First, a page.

By Christian Viveros-Fauné
By Miriam Felton-Dansky
By Tom Sellar
By Tom Sellar
By Jessica Dawson
By Tom Sellar
By R. C. Baker
By Tom Sellar
Driven to excel at a visual language at which he'd proven himself crackerjack, Close ignored their lousy counsel. "Art saved my life in two ways," the artist says today with undiminished enthusiasm. "It made me feel special, because I could do things my friends couldn't, but it also gave me a way to demonstrate to my teachers that, despite the fact that I couldn't write a paper or do math, I was paying attention."
What Close didn't know then, but would learn much later, was that his own precocious ability to draw and paint was linked to a condition called prosopagnosia, or face blindness. It's an ailment he shares with his friend, the neurologist and writer Oliver Sacks—"the worst face blindness I've ever seen." Close has long connected his hunger to understand the mechanics of pictures with his own inability to process written symbols and recognize faces. (He once accidentally blanked an ex-lover on the subway, despite having lived with her for years.) The artist's famously large-scale gridded portraits of faces turn out to be one important way Close makes recognizable (and nearly mathematically abstract) the obstacles he has stubbornly overcome.
"Virtually everything I've done is influenced by my learning disabilities," Close told the anchors of CBS This Morning back in April. "I think I was driven to paint portraits to commit images of friends and family to memory." This might be so, but few artists and critics in the late 1960s were prepared for Close's unexpected meshing of process art, minimal brushwork (there was none, because he used an airbrush), and representational painting. "If you were stupid enough to be a painter," Close remembers, "no one would do figurative art, and of all the moribund ideas out there, the dumbest was to do portraiture."
But a work like Big Nude (1967–68) wasn't just a painting of a reclining nude. Instead, it was a rigorous painting of a photograph—an inch-by-inch, 10 x 21 foot, methodically layered, handmade reproduction of a ubiquitous mechanical process. Another early black-and-white breakthrough, Close's famous Big Self-Portrait (1967–68), effectively translated minimalism and conceptualism into figurative terms. Put differently, Close could have his cake and eat it, too. "Once a face is flattened out, I can remember it much better," the artist tells me. The flip side of that experience is how the viewer relates to the hairs, blemishes, or colored lozenges populating Close's oversized faces—folks are forced to concentrate on details as opposed to the whole of what are essentially warts-and-all, Brobdingnagian mug-shots-as-landscapes.
Close has often spoken publicly of the value of putting up obstacles for himself—of "repeatedly putting rocks in my shoes"—to satisfy what he calls his need to "escape from virtuosity." But nothing—not even the death of his father at age 11—could have prepared the artist for the terrible crisis he suffered in late 1988. A watershed (and potential Waterloo) the artist respectfully refers to as "The Event," Close's nearly career-ending catastrophe took place after an awards ceremony at Gracie Mansion. According to Christopher Finch's excellent 2010 biography, Chuck Close: Life, Close had spent the day racked by chest pains, yet dutifully showed up to present a prize. After official chitchat, introductions, and a Borscht Belt ramble from Ed Koch, Close delivered his citation—"for Louis Spanier, visual arts coordinator, Community School District 32"—then walked across the street to Doctor's Hospital and went into 20 minutes of uninterrupted convulsions. When these were over—and before doctors acknowledged the extent of his massive spinal cord injuries—a fully conscious Close knew he was paralyzed from the shoulders down.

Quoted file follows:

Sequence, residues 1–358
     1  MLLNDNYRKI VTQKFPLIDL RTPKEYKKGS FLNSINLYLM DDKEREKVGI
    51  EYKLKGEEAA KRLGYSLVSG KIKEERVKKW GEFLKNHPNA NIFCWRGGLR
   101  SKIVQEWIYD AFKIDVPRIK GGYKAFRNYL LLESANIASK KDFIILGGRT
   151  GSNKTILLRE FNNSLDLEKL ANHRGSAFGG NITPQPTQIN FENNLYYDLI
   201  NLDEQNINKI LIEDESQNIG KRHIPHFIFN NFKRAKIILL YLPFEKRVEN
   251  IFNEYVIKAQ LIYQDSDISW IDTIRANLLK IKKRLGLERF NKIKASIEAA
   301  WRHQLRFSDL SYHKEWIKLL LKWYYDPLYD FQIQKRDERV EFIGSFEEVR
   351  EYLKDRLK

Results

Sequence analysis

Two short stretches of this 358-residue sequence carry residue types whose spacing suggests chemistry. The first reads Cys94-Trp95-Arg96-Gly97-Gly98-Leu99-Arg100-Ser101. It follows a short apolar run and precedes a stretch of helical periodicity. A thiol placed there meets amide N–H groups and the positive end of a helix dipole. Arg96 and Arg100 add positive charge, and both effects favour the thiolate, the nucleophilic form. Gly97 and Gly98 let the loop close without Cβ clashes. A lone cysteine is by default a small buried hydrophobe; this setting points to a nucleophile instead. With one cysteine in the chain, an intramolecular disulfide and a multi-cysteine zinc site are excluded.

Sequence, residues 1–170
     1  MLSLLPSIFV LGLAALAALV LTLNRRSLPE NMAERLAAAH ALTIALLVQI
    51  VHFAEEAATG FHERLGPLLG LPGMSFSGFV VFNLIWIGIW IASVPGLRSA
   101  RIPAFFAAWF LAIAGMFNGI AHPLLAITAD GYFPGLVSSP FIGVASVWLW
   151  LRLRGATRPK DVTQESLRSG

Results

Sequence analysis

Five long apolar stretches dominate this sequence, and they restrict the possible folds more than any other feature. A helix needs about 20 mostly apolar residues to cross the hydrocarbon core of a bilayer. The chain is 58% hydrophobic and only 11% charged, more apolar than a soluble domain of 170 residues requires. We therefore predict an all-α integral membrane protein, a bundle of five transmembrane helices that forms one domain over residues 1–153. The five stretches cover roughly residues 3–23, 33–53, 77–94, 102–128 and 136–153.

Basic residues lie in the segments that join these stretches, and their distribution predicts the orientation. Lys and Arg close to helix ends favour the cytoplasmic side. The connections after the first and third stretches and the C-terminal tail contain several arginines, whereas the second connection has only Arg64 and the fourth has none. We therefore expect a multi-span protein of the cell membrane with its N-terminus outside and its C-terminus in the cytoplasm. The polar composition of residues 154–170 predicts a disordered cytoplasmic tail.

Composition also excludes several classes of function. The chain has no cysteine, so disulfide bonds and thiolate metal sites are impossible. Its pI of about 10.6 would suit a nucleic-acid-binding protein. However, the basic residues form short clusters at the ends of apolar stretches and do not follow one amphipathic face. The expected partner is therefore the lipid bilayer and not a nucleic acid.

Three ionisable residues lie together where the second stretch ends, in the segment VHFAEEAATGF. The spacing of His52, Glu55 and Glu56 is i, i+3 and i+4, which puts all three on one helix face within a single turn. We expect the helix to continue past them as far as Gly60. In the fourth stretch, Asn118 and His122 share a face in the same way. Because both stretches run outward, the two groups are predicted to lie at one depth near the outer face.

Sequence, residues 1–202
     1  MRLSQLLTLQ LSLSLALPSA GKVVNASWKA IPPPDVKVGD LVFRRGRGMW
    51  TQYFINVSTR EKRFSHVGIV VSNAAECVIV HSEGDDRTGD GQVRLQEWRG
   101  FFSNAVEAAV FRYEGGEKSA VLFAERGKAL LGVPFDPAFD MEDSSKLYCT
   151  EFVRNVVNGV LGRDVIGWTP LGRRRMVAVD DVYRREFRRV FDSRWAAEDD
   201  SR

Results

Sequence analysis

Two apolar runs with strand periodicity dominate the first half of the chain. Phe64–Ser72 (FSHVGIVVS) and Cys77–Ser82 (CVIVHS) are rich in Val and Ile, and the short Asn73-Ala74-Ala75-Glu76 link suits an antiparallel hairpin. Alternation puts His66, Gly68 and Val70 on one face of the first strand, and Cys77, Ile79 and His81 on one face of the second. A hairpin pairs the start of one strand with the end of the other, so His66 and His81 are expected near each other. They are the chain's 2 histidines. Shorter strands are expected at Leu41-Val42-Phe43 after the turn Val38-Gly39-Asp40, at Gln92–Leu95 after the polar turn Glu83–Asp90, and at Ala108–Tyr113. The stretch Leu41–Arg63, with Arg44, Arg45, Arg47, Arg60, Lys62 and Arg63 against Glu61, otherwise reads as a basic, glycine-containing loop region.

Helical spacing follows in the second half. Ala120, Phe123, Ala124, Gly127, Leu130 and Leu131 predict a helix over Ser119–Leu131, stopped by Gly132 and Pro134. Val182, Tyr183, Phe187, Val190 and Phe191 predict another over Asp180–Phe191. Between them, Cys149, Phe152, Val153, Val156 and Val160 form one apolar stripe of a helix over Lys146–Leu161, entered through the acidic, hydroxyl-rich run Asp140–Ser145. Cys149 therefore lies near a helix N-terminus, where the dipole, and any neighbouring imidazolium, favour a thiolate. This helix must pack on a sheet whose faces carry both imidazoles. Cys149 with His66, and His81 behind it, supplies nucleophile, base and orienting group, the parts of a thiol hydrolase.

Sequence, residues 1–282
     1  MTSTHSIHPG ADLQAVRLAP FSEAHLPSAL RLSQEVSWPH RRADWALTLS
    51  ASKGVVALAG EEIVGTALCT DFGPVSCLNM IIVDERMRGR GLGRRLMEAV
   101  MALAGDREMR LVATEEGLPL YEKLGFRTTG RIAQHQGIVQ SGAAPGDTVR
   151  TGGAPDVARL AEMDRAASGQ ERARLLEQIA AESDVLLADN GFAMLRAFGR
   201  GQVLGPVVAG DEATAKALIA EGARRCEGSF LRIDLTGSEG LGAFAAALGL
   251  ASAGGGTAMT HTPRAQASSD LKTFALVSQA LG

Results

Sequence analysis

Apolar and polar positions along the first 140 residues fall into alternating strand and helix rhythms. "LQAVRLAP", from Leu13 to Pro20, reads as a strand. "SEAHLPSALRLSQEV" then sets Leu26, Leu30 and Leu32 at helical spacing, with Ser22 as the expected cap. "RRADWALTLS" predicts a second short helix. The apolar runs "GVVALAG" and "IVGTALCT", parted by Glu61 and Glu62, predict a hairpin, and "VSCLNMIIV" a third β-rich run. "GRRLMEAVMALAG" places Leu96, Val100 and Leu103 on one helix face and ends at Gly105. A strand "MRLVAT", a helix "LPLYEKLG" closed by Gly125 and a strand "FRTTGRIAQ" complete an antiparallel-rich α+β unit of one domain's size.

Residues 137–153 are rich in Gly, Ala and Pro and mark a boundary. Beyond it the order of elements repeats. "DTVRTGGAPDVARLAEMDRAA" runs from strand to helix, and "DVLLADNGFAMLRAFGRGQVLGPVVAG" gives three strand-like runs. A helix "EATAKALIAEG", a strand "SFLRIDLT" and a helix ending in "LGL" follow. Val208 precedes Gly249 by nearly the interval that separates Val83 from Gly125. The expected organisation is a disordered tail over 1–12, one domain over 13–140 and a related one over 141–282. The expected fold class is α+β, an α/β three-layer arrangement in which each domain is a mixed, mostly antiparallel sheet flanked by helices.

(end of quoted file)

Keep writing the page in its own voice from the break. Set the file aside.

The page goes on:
From the day he began his amazing embrace of his new life until today, Chuck Close has grown beyond what he once was (a famous artist) and what some would have him become (a poster boy for quadriplegia) into an American master every bit as fundamental as Edward Hopper, Woody Guthrie, or Mark Twain. A painter whose life, work, and popularity are perfectly consonant, Close has achieved something that eludes all other modern American artists alive (and most dead ones): the sort of crossover appeal that makes art matter, often urgently, to folks beyond the professional fishbowl of art and culture.
Close's message has remained amazingly positive and instructive throughout his trials—just ask the children he mentors at Roosevelt Elementary, in Bridgeport, Connecticut. "We're encouraging kids in a failing school," he says, "to find another way to be successful and to feel good—everyone deserves to feel good about themselves." He is, after all, a self-described "glass-three-quarters-full man." "When I was six feet three inches, no one came up to me," he tells me as we're finishing our three-coffee lunch. "Being in a wheelchair cut me down to size, so now people do that all the time. The truth about me is that I would never make art without an audience—ultimately, all I ever wanted to do was to make stuff that made a difference to other people."
"In an art world that has a shelf life of about a year and a half, there's a whole generation of people who've never heard of me," Close had said modestly as we entered his crowded studio.